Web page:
4. I had an F5 for a awhile. A short while. Thing weighed a ton and felt clumsy. I replaced it with an F100 which felt light and fast in my hands. My favorite film camera (Nikon) is definitely the F3/T. It just feels "right"!
    Kent in SD
     
  5. I was a big fan of the F4's dial- and knob-based controls. The viewfinder was also great - good eye point, and great displays. However, ergonomically, it wasn't a match for either the F5 or the F3/MD4. The F4 handgrip was just too fat, and the right hand strap lug was placed just right to dig into your hand. I wanted to love the F4, but in the end, I was just impressed by it, and reached for my F3/MD4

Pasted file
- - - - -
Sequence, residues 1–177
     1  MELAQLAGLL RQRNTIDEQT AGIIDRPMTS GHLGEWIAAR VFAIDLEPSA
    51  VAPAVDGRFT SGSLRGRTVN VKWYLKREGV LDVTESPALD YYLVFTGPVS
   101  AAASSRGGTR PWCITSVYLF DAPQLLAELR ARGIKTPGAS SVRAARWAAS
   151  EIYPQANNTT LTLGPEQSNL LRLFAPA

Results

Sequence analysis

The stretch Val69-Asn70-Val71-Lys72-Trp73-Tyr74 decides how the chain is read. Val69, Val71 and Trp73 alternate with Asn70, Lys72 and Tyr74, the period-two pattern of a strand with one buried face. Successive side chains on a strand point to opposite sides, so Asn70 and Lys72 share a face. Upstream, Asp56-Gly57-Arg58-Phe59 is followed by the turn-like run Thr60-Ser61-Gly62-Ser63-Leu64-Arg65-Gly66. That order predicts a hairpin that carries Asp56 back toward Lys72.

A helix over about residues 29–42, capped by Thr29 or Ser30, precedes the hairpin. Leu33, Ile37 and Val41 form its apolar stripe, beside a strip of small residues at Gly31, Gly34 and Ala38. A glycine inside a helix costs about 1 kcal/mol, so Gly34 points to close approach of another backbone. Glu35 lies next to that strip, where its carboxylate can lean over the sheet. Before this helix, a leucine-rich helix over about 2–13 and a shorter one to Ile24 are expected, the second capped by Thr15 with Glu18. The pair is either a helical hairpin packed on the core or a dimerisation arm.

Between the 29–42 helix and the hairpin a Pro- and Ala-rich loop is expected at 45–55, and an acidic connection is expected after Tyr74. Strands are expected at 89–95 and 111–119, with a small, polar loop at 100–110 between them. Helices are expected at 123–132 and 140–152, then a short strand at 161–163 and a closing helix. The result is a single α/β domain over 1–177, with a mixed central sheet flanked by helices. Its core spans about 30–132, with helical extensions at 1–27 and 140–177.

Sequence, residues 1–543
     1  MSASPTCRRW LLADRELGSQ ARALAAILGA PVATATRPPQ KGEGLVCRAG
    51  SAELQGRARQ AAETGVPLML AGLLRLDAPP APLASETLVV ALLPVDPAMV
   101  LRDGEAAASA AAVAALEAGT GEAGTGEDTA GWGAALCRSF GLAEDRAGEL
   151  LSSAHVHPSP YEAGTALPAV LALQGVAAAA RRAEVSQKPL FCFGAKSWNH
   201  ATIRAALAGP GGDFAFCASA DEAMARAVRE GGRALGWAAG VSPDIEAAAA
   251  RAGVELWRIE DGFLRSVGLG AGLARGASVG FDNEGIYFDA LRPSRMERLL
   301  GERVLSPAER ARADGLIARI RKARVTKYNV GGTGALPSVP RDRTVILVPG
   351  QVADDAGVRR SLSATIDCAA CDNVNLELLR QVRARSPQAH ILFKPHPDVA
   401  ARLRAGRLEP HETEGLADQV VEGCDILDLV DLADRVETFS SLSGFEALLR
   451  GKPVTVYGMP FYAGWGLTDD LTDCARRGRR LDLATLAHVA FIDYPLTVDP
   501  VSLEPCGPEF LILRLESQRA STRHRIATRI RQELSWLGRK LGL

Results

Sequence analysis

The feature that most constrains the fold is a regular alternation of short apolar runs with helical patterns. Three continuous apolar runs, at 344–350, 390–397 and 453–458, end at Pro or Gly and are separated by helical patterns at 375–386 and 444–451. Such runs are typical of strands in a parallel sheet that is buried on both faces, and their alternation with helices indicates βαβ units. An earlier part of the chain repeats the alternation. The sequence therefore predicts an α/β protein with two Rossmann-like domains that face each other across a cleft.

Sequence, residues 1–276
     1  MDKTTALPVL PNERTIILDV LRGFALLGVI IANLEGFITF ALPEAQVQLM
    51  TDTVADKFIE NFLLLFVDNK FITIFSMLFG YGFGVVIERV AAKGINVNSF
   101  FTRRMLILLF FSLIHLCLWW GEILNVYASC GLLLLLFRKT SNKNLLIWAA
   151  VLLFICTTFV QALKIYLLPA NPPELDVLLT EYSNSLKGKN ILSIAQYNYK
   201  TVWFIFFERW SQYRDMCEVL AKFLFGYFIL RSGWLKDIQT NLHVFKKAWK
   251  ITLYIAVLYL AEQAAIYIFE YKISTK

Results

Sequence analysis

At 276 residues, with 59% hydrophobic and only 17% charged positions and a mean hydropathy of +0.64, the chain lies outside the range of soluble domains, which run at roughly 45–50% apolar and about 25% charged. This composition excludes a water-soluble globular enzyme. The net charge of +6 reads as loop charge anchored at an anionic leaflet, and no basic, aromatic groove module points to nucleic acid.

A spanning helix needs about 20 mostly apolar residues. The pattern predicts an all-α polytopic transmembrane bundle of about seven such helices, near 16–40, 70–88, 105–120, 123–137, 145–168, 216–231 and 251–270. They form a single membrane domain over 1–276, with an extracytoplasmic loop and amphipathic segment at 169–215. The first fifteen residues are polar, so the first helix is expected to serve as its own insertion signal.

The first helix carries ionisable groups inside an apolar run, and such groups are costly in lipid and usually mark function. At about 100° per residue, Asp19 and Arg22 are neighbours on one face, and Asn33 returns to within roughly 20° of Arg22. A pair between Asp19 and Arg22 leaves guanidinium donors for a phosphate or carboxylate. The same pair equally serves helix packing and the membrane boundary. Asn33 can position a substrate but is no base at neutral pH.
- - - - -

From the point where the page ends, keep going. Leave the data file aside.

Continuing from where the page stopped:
6. Not knowing the exact timetable for Galen's Fiji trip, maybe he didn't have enough time to develop a "feel" for the camera and he asked too much from it in too short a time. After having used extensively F4S and D200, D700, when I bought an F5 I went out of my way to buy an original owners manual in order to grasp the full functionality of the camera - rather than putting film and batteries in it and shooting everything in "P" mode. I bought mine primarily to use film with "G" type lens (at all F-stops unlike my F4). I have not used my F4S since I bought the F5 ...... for film I use my F5 and F2 cameras when I am using Nikons...